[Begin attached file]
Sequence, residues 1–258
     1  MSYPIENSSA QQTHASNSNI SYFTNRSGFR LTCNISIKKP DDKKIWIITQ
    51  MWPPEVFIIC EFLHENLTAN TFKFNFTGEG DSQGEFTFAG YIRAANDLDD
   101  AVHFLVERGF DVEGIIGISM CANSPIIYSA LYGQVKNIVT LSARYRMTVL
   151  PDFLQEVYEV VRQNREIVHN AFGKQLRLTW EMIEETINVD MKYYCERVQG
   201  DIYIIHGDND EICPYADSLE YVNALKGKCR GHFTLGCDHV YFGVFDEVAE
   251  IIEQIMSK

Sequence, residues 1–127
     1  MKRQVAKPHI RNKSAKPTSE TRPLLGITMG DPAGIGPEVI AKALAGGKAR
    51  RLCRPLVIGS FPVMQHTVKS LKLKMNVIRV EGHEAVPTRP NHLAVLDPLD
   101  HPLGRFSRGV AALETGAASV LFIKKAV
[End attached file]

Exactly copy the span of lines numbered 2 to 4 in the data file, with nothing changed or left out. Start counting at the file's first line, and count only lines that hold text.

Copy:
     1  MSYPIENSSA QQTHASNSNI SYFTNRSGFR LTCNISIKKP DDKKIWIITQ
    51  MWPPEVFIIC EFLHENLTAN TFKFNFTGEG DSQGEFTFAG YIRAANDLDD
   101  AVHFLVERGF DVEGIIGISM CANSPIIYSA LYGQVKNIVT LSARYRMTVL